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Connection utilities

Project description

Generic database utilities, including connection clustering and routing so you can scale like a pro.

The following example creates a Redis connection cluster which will distribute reads and writes based on a simple modulus lookup of the hashed key:

>>> from nydus.db import create_cluster
>>>
>>> redis = create_cluster({
>>>     'backend': 'nydus.db.backends.redis.Redis',
>>>     'router': 'nydus.db.routers.keyvalue.PartitionRouter',
>>>     'hosts': {
>>>         0: {'db': 0},
>>>         1: {'db': 1},
>>>         2: {'db': 2},
>>>     }
>>> })
>>>
>>> res = redis.incr('foo')
>>>
>>> assert res == 1

nydus.db.create_cluster

The create_cluster function is a simple helper to configure a Cluster based on a simple dict config.

There are two required keyword arguments:

  • backend: full path to the backend class, which should extend nydus.db.backends.BaseConnection.

  • hosts: a dictionary, where the key is an ordered numeric value, and the result is a dict of connection options.

    (the keys are numeric values simply for readability in configuration)

  • defaults: a dictionary of default settings for all hosts to inherit from.

Optionally, you may also specify a value for router, which is the full path to the router class, which must extend nydus.db.routers.BaseRouter.

Distributed Queries

In some cases you may want to execute a query on many nodes (in parallel). Nydus has built-in support for this when any routing function returns a cluster of nodes:

>>> from nydus.db import create_cluster
>>>
>>> # by not specifying a router all queries are executed on all hosts
>>> redis = create_cluster({
>>>     'backend': 'nydus.db.backends.redis.Redis',
>>>     'hosts': {
>>>         0: {'db': 0},
>>>         1: {'db': 1},
>>>         2: {'db': 2},
>>>     }
>>> })
>>>
>>> # map the query over all connections returned by the default router
>>> res = redis.incr('foo')
>>>
>>> assert type(res) == list
>>> assert len(res) == 3

You can also map many queries (utilizing an internal queue) over connections (again, returned by the router):

>>> with redis.map() as conn:
>>>     results = [conn.incr(k) for k in keys]

As of release 0.5.0, the map() function now supports pipelines, and the included Redis backend will pipeline commands wherever possible.

Redis

Nydus was originally designed as a toolkit to expand on the usage of Redis at DISQUS. While it does provide a framework for building clusters that are not Redis, much of the support has gone into providing utilities for routing and querying on Redis clusters.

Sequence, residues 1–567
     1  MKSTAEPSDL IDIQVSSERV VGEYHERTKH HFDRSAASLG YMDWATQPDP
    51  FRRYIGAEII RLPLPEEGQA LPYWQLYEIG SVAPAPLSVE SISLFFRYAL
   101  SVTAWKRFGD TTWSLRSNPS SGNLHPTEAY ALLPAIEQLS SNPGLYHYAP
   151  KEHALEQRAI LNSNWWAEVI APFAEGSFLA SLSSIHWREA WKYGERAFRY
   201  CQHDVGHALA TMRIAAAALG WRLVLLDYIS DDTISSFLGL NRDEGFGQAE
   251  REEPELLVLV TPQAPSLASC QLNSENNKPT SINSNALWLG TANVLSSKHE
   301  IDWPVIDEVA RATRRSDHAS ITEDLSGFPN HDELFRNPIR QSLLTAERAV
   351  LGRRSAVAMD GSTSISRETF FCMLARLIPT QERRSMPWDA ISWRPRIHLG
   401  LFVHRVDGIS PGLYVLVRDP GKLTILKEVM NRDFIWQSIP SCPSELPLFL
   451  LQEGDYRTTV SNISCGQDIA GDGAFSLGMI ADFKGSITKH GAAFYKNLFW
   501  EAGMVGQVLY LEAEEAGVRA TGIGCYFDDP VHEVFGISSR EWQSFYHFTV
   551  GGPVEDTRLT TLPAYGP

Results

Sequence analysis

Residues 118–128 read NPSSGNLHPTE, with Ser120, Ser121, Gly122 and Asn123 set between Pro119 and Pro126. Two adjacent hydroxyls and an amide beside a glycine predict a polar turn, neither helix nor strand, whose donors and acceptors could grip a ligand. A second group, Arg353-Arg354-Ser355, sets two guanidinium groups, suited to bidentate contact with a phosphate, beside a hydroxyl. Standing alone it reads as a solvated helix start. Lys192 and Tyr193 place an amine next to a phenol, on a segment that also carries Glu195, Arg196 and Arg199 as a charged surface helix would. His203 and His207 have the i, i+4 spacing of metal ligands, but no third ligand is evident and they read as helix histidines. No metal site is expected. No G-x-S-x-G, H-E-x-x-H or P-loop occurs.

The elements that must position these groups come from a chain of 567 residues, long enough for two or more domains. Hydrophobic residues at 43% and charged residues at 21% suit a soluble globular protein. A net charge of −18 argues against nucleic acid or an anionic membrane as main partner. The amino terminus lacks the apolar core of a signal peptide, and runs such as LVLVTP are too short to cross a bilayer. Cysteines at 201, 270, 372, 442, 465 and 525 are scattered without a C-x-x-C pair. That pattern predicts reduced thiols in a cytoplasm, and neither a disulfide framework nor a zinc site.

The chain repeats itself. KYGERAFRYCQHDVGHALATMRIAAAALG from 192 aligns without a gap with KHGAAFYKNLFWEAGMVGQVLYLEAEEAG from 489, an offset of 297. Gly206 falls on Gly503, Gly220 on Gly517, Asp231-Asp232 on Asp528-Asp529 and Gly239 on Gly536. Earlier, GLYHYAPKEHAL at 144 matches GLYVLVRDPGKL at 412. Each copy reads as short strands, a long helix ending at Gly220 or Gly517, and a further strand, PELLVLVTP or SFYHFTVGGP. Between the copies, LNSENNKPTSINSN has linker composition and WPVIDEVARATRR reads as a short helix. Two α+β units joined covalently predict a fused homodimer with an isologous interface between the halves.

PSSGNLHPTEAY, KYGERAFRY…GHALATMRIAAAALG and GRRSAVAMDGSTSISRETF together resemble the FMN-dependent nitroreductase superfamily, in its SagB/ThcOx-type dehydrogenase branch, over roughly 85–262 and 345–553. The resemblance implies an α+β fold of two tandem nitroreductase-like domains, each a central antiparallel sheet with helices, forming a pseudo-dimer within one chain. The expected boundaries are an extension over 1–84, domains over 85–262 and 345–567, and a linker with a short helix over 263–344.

You can configure the Redis client for a connection by specifying it’s full path:

>>> redis = create_cluster({
>>>     'backend': 'nydus.db.backends.redis.Redis',
>>>     'hosts': {
>>>         0: {'db': 0},
>>>     },
>>> )}

The available host options are:

  • host
  • port
  • db
  • timeout
  • password

The Redis client also supports pipelines via the map command. This means that all commands will hit servers at most as of once:

>>> with redis.map() as conn:
>>>     conn.set('a', 1)
>>>     conn.incr('a')
>>>     results = [conn.get('a'), conn.get('b')]
>>> results['a'] == 2
>>> results['b'] == None

Simple Partition Router

There are also several options for builtin routing. The easiest is a simple partition router, which is just a simple hash on the key:

>>> redis = create_cluster({
>>>     'backend': 'nydus.db.backends.redis.Redis',
>>>     'router': 'nydus.db.routers.keyvalue.PartitionRouter',
>>>     'hosts': {
>>>         0: {'db': 0},
>>>     },
>>> )}

Consistent Hashing Router

An improvement upon hashing, Nydus provides a Ketama-based consistent hashing router:

>>> redis = create_cluster({
>>>     'backend': 'nydus.db.backends.redis.Redis',
>>>     'router': 'nydus.db.routers.keyvalue.ConsistentHashingRouter',
>>>     'hosts': {
>>>         0: {'db': 0},
>>>     },
>>> )}

Round Robin Router

An additional option for distributing queries is the round robin router:

>>> redis = create_cluster({
>>>     'backend': 'nydus.db.backends.redis.Redis',
>>>     'router': 'nydus.db.routers.RoundRobinRouter',
>>>     'hosts': {
>>>         0: {'db': 0},
>>>     },
>>> )}

Pycassa

Basic connection management for pycassa (Cassandra) clusters is supported, but we use a non-standard syntax for creating clusters as routing behavior and per-connection options are not useful in this context:

>>> pycassa = create_cluster({
>>>     'backend': 'nydus.db.backends.pycassa.Pycassa',
>>>     'hosts': ['localhost'],
>>>     'keyspace': 'test',
>>> })

Note

Pycassa handles routing of hosts internally, which means things like map have no affect.

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